All McDonald's in Israel install beacons to help the visually impaired
RightHear, an app-and-sensor-system for the blind, will help locate a store, order a Big Mac and much more.
When co-founder Idan Meir launched a startup called RightHear in March 2015, he and his team intended to turn large, complex spaces into accessible environments for the visually impaired.
"Hotels, shopping malls, airports, etc.," explained Meir, who previously founded Hubanana, a leading nonprofit hub for startups. "We thought that the bigger the indoor space is, the more difficult it would be to find your way inside of it for the blind or visually impaired users of ours."
Turns out they were wrong.
"The truth is that it doesn’t really matter ... the size of the space," Meir said. "The difficulty to [orient] indoors for a blind or visually impaired person – in a large or a small environment – remains the same. ... The helpless feeling of, 'Where am I?' And, "where is everything?' remain the same feeling."
So they started to think about small environments that are well-distributed across the country, he said. McDonald's, naturally, came to mind.
After months of development and planning, RightHear has installed their system in all 180 McDonald's stores in Israel. It's now the first chain in the country to do so. RightHear is also implemented in some 800 venues worldwide, Meir said.
The system has three key components:
- Accessibility spot: A tiny, smart, self-powered sensor that uses Bluetooth technology to detect whenever a user is nearby.
It can be easily installed anywhere, indoor and outdoor, and can typically be found near entrances, restrooms, elevators, stairs or any other point of interest in the venues.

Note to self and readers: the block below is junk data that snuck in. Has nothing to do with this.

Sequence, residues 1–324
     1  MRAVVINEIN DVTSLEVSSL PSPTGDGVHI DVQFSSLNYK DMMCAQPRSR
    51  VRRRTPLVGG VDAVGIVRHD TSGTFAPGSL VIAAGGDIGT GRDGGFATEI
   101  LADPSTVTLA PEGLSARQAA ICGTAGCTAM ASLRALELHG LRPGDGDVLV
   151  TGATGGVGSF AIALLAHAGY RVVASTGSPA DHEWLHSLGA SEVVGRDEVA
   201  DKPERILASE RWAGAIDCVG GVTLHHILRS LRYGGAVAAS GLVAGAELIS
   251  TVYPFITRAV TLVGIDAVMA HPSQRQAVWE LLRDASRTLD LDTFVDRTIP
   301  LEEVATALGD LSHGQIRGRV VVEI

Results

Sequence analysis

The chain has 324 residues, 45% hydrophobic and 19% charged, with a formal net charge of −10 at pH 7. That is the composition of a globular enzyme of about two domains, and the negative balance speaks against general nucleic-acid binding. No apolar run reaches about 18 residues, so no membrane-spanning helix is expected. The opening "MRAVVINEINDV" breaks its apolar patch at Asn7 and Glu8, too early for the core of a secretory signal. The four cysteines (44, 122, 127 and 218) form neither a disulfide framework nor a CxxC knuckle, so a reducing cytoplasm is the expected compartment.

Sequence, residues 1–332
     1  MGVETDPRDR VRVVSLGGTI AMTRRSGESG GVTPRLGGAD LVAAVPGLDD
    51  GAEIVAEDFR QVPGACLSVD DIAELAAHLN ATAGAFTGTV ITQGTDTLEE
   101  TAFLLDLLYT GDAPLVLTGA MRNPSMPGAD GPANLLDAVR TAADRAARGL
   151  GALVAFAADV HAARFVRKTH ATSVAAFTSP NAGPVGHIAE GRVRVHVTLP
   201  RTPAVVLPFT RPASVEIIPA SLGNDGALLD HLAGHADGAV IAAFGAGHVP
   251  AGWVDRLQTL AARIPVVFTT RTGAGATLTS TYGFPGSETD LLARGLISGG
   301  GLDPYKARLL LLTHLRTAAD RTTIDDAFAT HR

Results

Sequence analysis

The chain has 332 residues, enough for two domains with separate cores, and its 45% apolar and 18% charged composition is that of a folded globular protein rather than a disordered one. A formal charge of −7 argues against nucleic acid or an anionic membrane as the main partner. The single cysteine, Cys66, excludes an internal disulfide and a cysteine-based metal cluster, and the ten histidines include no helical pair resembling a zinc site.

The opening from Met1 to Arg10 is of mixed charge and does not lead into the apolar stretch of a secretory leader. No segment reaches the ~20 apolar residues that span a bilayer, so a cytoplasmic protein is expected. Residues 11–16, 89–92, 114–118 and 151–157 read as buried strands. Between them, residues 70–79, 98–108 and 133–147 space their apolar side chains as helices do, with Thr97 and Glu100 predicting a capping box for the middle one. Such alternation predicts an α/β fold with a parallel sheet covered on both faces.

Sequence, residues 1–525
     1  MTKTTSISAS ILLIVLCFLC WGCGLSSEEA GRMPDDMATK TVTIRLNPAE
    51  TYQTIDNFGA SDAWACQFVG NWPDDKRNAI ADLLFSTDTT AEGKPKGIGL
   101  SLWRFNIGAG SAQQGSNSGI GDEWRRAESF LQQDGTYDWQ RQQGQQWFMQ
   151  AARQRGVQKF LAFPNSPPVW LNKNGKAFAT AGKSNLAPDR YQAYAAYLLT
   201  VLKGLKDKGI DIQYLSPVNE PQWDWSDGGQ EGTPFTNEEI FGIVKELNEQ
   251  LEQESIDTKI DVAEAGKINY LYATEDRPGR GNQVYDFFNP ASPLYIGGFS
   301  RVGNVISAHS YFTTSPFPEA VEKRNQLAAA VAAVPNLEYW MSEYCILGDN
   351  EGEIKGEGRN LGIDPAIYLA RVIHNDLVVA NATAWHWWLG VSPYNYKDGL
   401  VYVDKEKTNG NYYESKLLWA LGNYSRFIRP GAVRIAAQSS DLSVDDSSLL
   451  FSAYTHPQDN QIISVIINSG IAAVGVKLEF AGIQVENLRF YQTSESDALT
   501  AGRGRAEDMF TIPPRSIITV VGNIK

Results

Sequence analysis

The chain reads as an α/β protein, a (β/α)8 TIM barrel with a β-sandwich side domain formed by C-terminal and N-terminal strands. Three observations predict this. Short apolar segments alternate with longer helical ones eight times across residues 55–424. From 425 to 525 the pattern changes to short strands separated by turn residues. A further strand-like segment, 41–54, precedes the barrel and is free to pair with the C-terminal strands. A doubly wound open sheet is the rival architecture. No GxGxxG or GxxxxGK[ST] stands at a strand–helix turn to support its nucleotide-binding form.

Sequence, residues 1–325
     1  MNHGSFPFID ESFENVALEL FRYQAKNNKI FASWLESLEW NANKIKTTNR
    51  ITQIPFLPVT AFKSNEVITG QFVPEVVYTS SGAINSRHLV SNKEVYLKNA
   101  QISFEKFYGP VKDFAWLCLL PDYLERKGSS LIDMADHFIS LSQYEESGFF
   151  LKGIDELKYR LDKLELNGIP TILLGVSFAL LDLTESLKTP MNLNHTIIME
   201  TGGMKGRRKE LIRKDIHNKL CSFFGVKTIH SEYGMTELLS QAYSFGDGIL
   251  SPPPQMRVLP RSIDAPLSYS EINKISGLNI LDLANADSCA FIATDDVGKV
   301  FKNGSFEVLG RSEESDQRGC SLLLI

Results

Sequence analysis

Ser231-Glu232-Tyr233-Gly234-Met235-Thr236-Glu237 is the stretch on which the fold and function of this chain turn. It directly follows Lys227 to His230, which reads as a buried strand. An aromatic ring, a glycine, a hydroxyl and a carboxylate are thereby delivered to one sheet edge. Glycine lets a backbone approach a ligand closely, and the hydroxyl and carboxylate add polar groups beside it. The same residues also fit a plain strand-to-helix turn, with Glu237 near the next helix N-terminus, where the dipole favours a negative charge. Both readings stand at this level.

- Mobile app: Packed with information about the venue such as hours of operation, services, nearby obstacles, venue description and special events. It also includes points of interest nearby with clear details about their direction and distance.
- Content management platform: Allows the venue’s owner to manage the fleet of accessibility spots and easily edit the accessibility information in real-time.
In developing the technology for McDonald's, Meir said he was impressed by the company's commitment to finding solutions for its visually impaired customers. Part of that commitment, he said, lies in the fact that the chain employs a large number of people with disabilities. Some of those people worked on the collaboration with RightHear.
"When inclusion is a strong part of your company’s DNA, you hire the best talents regardless of ethnicity, disabilities, gender, religion or anything else," he said.
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